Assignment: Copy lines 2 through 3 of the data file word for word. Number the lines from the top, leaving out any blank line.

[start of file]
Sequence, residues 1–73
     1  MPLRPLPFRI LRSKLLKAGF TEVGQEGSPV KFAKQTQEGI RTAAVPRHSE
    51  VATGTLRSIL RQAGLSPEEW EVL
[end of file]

     1  MPLRPLPFRI LRSKLLKAGF TEVGQEGSPV KFAKQTQEGI RTAAVPRHSE
    51  VATGTLRSIL RQAGLSPEEW EVL